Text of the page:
Link Posted: 6/11/2003 3:39:40 PM EDT
If you buy a cd, it doesn't have any licenses like software, it's yours. Plain and simple. Now if you decide to share that, than what's the matter with that, it's yours. You bought and paid for it. How can anyone tell you what to do with it?? Just my .02
Link Posted: 6/11/2003 3:42:44 PM EDT
[Last Edit: 6/11/2003 3:48:43 PM EDT by steenkybastage]
Originally Posted By RikWriter:
Originally Posted By steenkybastage:
Originally Posted By DADX3: "Theft" of a song, when the word theft is used with all of the moral baggage, should mean taking the musical score, written by a singer/composer, placing your name on it, calling it your own and putting it out as your own.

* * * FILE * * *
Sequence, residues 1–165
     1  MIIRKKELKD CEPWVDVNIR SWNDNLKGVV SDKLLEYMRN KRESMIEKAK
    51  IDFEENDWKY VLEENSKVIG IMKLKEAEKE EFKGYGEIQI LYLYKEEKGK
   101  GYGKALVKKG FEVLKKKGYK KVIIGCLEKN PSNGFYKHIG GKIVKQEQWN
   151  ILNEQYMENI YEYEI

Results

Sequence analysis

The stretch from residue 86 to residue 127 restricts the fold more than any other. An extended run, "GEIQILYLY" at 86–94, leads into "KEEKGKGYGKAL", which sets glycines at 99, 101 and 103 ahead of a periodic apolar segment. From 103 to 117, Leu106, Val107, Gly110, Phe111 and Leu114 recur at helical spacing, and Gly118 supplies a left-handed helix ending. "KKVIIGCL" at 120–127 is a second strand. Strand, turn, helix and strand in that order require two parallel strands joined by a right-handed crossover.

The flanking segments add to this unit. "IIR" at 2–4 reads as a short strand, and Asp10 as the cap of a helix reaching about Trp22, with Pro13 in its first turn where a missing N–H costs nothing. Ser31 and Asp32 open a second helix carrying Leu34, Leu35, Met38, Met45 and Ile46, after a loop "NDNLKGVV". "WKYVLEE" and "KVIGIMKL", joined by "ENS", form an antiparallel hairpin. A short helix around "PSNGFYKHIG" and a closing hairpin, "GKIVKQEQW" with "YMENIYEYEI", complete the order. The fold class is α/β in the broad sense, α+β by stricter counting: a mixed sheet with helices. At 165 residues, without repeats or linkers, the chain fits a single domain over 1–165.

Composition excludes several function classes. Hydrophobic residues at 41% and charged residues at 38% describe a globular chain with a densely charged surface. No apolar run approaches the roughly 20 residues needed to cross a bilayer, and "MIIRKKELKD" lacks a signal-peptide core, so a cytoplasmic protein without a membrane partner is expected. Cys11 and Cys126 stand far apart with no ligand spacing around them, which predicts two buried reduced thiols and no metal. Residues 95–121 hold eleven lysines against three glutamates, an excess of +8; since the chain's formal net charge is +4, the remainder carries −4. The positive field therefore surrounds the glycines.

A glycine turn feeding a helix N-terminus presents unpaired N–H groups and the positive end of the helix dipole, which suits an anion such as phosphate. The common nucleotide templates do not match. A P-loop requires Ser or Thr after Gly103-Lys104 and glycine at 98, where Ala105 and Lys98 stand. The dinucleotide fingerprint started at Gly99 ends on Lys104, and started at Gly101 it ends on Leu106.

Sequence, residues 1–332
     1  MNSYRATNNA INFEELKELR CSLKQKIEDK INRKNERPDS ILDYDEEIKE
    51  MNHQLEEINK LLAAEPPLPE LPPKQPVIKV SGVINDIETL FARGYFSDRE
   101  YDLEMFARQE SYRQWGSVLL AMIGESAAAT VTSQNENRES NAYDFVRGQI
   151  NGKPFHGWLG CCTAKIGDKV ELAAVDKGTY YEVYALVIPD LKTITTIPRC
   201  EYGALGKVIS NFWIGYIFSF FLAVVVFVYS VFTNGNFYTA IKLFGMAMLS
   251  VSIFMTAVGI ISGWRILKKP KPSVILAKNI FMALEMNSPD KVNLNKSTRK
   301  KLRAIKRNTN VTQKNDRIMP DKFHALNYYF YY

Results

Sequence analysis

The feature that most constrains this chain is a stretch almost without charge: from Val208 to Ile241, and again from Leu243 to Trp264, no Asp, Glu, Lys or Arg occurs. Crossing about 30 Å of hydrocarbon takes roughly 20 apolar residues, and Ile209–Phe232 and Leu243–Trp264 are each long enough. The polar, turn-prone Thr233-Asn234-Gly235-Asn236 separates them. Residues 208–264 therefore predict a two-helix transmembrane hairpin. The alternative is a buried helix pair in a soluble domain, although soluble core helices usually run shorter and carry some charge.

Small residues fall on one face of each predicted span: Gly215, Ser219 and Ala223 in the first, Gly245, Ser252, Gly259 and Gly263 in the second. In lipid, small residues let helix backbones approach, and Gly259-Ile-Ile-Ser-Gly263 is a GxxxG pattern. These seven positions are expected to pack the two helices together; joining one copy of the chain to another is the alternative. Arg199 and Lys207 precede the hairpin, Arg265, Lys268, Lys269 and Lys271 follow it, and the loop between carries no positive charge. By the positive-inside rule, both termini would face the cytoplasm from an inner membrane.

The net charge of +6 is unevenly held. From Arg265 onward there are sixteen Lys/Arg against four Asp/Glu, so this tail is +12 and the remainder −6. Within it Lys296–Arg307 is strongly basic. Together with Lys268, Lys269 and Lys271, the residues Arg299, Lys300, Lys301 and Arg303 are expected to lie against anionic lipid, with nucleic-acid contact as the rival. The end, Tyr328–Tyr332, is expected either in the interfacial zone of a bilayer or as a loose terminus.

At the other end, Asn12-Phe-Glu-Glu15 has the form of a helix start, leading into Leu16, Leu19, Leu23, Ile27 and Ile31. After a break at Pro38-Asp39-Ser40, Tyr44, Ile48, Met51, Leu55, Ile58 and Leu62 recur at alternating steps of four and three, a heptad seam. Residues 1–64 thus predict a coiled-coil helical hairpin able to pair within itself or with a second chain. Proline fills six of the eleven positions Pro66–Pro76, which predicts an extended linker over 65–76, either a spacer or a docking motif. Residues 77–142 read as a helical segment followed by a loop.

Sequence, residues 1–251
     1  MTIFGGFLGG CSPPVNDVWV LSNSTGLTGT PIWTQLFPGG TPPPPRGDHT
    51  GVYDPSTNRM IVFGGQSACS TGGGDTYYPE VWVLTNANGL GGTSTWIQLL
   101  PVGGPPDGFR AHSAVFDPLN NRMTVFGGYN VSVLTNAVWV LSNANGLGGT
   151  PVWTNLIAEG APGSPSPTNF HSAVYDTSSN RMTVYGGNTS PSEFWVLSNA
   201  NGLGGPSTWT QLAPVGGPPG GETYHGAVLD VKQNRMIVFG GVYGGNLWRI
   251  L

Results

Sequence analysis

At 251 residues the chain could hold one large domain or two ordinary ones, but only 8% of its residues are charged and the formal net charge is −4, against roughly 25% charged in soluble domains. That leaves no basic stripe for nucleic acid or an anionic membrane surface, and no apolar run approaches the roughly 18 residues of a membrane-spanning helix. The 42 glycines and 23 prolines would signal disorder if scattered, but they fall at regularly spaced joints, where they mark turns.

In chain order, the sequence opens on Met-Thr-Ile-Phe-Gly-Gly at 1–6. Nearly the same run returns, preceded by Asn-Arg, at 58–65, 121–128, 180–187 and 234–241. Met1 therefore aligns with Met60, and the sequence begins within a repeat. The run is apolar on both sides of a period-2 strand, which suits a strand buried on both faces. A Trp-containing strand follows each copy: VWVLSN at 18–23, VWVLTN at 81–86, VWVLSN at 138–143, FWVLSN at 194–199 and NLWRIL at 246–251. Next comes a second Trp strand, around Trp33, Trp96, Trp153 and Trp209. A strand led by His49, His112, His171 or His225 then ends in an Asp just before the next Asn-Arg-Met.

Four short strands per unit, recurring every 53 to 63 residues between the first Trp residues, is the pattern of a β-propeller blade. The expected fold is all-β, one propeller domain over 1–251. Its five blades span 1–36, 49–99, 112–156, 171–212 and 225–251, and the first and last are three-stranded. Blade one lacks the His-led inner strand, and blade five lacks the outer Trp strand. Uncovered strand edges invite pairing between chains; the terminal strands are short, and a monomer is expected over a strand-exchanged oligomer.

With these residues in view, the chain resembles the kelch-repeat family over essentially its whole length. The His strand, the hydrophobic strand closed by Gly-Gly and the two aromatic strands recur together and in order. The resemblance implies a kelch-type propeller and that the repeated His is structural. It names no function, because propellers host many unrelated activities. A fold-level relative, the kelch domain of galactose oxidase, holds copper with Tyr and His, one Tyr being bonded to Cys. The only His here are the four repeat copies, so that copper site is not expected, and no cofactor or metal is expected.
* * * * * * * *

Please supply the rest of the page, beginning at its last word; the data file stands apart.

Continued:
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No, theft would imply you took something belonging to the owner without their permission. If you happened to take someone elses song and reproduce it in its entirety, that is also theft, just as much as it is theft to take a product that is being offered for sale and NOT paying for it.
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Historically, that is not true. Prior to the rise of file sharing, theft of a song was indeed defined as either slapping your name on it OR using it in a public display without permission. File sharing is neither. It is personal use of the song. You are sharing the song with a few million online friends. It's no more theft than it was when you allowed a friend to borrow your cassette of an album and copy a couple songs off it.